Gateway Pacific regulatory process still in slow motion

BELLINGHAM - The process for determining the environmental impacts of the Gateway Pacific Terminal coal and bulk cargo pier still may be months away from beginning in earnest, a state official said Thursday, Aug. 25.

Faith Lumsden, director of the Governor's Office of Regulatory Assistance, was in Bellingham to address a leadership council meeting of Puget Sound Partnership. She noted that while SSA Marine of Seattle began the lengthy permitting process for the Cherry Point project by submitting some documents to regulatory agencies almost six months ago, those agencies have yet to begin the process of selecting a consultant to oversee the crucial environmental impact statement process.

"The project is really in its very, very early stages," Lumsden said.

The environmental impact statement is a document that will analyze a wide range of potential impacts and determine what SSA Marine must do to prevent environmental damage. But before the drafting of the environmental impact statement can begin, a so-called "scoping process" must be conducted. Among other things, the scoping will include public meetings to give concerned area residents the chance to weigh in on what impacts ought to be studied.

In recent months, public concern has been focused on the potential harmful effects of massive trainloads of coal that would roll through Bellingham and other population centers along the route from Rocky Mountain coal mines to Cherry Point. At full proposed capacity, Gateway Pacific could draw nine loaded trains per day, and the trains would return empty along the same route.

Lumsden said it is likely there will be at least two scoping meetings in Whatcom County and another in the Seattle area, which also would be on the coal train route.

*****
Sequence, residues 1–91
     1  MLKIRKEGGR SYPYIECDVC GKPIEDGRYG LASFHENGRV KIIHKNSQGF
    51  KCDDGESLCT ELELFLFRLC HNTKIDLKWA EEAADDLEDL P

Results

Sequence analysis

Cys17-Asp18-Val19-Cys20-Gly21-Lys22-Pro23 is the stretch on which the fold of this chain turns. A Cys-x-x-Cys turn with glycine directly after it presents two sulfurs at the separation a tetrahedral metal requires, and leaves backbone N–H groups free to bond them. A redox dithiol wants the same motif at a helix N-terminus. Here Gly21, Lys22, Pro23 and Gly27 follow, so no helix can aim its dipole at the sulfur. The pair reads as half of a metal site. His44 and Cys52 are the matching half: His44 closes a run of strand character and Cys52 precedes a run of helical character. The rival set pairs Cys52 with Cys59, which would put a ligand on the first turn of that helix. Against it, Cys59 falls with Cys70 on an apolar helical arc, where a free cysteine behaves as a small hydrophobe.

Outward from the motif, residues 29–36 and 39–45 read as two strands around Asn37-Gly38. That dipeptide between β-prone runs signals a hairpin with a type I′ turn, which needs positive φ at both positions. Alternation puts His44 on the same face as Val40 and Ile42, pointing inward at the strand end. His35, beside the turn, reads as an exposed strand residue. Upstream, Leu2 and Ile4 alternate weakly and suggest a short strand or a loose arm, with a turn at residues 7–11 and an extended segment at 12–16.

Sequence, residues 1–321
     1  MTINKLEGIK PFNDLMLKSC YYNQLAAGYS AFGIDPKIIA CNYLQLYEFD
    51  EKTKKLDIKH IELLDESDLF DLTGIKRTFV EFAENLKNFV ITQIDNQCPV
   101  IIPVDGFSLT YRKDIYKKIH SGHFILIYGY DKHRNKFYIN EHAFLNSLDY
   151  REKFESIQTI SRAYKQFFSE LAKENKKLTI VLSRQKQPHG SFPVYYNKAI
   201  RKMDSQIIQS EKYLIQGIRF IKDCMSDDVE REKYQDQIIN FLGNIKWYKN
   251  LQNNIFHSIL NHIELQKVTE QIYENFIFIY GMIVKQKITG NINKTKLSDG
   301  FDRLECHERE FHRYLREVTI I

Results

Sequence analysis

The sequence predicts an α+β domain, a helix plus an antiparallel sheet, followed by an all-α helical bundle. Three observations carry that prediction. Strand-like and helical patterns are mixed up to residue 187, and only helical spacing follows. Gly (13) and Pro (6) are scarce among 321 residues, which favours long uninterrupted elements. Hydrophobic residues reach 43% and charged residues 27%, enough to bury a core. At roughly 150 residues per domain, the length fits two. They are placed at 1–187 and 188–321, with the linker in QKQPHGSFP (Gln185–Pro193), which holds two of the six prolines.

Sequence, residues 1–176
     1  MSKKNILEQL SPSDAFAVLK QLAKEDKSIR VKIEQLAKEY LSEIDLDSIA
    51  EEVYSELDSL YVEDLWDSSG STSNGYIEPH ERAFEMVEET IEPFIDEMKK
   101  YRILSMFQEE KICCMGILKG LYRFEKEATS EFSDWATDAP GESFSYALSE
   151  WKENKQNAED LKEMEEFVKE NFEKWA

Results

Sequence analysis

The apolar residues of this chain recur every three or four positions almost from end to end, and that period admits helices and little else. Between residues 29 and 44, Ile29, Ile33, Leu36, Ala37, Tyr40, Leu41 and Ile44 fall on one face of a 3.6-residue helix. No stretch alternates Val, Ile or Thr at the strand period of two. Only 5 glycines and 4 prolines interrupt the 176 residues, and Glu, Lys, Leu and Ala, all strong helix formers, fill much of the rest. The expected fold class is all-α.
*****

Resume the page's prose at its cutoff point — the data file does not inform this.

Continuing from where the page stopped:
But before all that can get under way, the three key agencies - Whatcom County, the Washington Department of Ecology and the U.S. Army Corps of Engineers - need to agree on a consulting firm to conduct the multi-year environmental impact statement process from start to finish. The selection process involves advertising the job to interested firms, getting agreement on the most qualified firm, and then negotiating a contract with that firm.

"I hesitate to even say how far away it is before they even start that scoping process," Lumsden said, adding that it could be a challenge to get the scoping process done and the actual environmental study work under way before the end of 2011. Once the study begins, Lumsden said it will likely take more than a year to ready an initial draft for agency review and public comment.

SSA spokesman Craig Cole said the company agreed with Lumsden's assessment of the regulatory timeline.

Several months ago, at least two members of Gov. Chris Gregoire's cabinet - Commerce Department Director Rogers Weed and Agriculture Director Dan Newhouse - were making public endorsements of the terminal project and saying that their views reflected those of the governor.

But more recently, as the project hit its first wave of public resistance over concerns about coal train impacts and carbon emissions, Gregoire has been taking a more neutral stance.

Lumsden said the governor is frequently asked whether she favors jobs or the environment.

"Her position and our position is that we're for both of them," Lumsden said. "We can recover Puget Sound, and we can do it in a way that is good for economic stability and the state."

Lumsden invited her listeners to play a role in the environmental scrutiny process.

"It is really, really early to be taking a position," Lumsden said. "It's not too early to be giving the issues some thought and making sure your issues are on the table."